Under U.S. President Donald Trump, the Federal Insurance Office’s future is far from certain.

Created by the Dodd-Frank financial reform bill in 2010 and launched in 2011, the Federal Insurance Office was designed to bring insurance expertise to the federal government. Housed within the U.S. Department of Treasury, it monitors the insurance sector, issues industry reports and advises federal officials, in part, about national and international matters affecting the industry.

The FIO may not survive because Trump has vowed to restrict or eliminate regulatory bodies or parts of the federal bureaucracy that his administration feels inhibit growth and efficient business dealings, which makes the FIO vulnerable. Many insurers and others have long criticized the FIO, questioning its necessity and fearing its involvement in an industry they say fares better with state regulation and less federal involvement. industry lobbyists and analysts are mixed as to whether the FIO should, or will remain. Some hope the FIO continues on in some form, but others want the office gone.

“The office as it exists should be eliminated,” said Jimi Grande, senior vice president of federal affairs for the National Association of Mutual Insurance companies. “We believe that any financial reform should take a long and hard look at whether or not we can remove redundancies and streamline the way our businesses operate. Not having a Federal Insurance Office located within the Department of Treasury is something that should be considered in any new legislation.”

Grande said the FIO’s work issuing industry reports (on auto insurance affordability and other topics) and providing insurance expertise at the federal level could easily be taken on “through any combination of people” within the U.S. Treasury Department, or by state regulators.

AIA Sees a Future for FIO

Leigh Ann Pusey, president and CEO of the American Insurance Association, said she sees a future for the FIO, within the context of improvements to its organization and mission.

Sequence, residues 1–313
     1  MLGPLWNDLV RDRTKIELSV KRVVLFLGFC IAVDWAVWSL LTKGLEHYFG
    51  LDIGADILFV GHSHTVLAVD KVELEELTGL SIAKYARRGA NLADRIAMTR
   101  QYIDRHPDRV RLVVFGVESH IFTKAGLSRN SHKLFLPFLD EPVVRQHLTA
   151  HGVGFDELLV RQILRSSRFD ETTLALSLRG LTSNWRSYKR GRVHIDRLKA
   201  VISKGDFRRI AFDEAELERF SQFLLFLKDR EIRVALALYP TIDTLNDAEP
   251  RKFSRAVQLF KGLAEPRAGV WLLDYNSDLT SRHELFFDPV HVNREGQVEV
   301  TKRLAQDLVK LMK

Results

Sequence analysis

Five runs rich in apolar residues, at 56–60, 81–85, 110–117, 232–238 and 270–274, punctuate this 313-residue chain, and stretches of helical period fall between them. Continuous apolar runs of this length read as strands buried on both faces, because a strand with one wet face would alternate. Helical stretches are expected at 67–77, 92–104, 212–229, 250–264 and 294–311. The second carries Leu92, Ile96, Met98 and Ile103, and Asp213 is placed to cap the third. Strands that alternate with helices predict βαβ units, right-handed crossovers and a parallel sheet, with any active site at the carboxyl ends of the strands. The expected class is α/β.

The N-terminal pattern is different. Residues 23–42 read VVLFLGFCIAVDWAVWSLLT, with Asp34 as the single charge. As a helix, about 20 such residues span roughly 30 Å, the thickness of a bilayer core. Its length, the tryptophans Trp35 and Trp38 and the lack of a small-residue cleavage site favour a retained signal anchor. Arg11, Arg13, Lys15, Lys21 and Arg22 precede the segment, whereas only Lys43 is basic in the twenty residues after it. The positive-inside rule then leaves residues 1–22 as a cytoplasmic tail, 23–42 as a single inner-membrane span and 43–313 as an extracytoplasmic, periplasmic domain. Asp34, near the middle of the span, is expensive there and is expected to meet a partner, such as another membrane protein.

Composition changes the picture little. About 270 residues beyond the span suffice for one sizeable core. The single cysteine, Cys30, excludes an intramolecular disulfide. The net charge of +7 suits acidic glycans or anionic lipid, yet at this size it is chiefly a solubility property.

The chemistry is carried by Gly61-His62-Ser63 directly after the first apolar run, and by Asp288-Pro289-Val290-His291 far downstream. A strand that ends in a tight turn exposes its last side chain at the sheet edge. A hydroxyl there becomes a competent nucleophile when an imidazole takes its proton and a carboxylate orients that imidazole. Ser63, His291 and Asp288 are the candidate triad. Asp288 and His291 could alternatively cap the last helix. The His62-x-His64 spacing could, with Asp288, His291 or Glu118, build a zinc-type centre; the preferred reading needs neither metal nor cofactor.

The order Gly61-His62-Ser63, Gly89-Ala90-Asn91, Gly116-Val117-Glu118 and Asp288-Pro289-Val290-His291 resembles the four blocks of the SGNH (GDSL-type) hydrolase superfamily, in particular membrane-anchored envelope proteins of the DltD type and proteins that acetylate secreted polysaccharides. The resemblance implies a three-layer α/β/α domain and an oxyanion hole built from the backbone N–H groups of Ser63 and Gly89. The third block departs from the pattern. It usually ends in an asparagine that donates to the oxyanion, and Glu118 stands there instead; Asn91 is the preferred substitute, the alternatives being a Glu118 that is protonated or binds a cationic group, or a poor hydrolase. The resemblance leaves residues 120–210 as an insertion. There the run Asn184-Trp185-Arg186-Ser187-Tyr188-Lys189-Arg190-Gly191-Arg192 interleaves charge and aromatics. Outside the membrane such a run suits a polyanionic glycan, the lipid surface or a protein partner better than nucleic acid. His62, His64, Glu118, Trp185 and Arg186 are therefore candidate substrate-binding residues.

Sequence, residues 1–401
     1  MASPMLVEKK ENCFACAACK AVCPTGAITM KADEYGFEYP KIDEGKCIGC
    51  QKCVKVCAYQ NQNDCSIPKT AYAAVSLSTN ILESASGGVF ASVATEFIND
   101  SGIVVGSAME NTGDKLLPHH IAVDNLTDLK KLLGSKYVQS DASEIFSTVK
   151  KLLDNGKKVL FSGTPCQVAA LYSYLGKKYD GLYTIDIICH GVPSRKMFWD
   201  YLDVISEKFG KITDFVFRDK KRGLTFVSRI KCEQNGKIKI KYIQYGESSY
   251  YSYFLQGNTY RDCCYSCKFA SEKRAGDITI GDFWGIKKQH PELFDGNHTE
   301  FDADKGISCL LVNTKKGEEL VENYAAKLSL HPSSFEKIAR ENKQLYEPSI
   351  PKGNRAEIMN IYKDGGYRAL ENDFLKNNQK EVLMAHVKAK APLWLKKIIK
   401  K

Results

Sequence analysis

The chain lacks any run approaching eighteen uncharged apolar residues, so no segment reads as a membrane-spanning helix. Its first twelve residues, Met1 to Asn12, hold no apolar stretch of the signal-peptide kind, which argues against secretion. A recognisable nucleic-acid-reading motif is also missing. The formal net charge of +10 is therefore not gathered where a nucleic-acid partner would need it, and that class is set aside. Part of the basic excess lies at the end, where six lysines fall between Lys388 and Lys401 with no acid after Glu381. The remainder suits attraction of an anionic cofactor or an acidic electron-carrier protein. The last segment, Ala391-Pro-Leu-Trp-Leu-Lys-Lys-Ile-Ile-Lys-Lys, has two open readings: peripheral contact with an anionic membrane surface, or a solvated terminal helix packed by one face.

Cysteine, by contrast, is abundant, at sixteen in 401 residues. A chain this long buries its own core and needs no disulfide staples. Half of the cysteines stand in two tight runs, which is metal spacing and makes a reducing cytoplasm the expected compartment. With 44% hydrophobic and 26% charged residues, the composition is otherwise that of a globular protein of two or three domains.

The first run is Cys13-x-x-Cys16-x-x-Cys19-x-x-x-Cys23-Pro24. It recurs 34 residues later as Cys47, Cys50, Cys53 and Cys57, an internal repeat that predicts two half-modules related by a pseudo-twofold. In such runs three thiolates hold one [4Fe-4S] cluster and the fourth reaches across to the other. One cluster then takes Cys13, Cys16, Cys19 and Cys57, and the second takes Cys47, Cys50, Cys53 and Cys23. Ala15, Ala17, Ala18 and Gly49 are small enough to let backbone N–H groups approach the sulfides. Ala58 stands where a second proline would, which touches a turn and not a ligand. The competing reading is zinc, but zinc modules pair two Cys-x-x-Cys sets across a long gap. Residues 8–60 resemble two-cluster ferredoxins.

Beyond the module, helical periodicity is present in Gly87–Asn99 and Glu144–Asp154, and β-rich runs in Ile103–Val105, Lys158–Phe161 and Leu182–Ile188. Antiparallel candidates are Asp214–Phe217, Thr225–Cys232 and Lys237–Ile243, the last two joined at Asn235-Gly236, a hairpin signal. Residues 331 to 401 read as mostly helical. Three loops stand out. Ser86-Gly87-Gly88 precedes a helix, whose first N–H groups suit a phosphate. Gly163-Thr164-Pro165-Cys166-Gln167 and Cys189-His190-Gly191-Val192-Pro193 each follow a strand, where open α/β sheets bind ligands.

“AIA has been supportive of the Federal Insurance Office to serve as an advocate for U.S. insurers competing in international markets and as a voice of insurance expertise at the federal level for other agencies,” Pusey said in email remarks submitted to Carrier management. “While there are certainly reforms that can make the FIO’s role more focused, we support its role.”

Pusey added she expects the current Congress will possibly make some reforms to the FIO as part of its exploration of possible Dodd-Frank changes. She added AIA was on the same page.

“AIA is also looking for ways to improve the focused mission of FIO and looks forward to engaging with the committees as they consider changes to the Office,” Pusey added.

FIO Could Help Trump’s Agenda

Ian Adams, a senior fellow with the R Street Institute, a non-profit non-partisan public policy research organization, said he’s noticed an uptick in talk about getting rid of the FIO, but he said the office can still serve a purpose for the industry as “an agent of good.”

Adams said, for example, that he could see the FIO as helping the Trump administration implement a campaign promise with the National Association of Registered Agents and Brokers to facilitate insurance across state lines.

If the FIO is eliminated, Adams said he could see its functions picked up by the National Association of Insurance Commissioners. But that would have limits due to its status as a private trade association that can’t negotiate on behalf of the U.S. government or state governments, Adams added.

Adams said that “there is a tremendous amount the federal government does that affects the business of insurance and that it is appropriate that someone employed by the government be a repository of knowledge about that matters.” With that in mind, he said he expects the FIO will remain in some form.

The FIO “will continue for the simple reason that [the FIO head] is a political appointment,” Adams said. “Any political appointment is a chance to do a favor for someone who heled out politically, and may do so again in the future. There’s someone, somewhere who wants the job and will take it.”

Regardless, the FIO office is nonetheless an office in transition. Original director Michael McRaith, a former director of the Illinois insurance department, resigned his post as of inauguration day on Jan. 20. Current staff within the office are running operations in the interim.

Contributor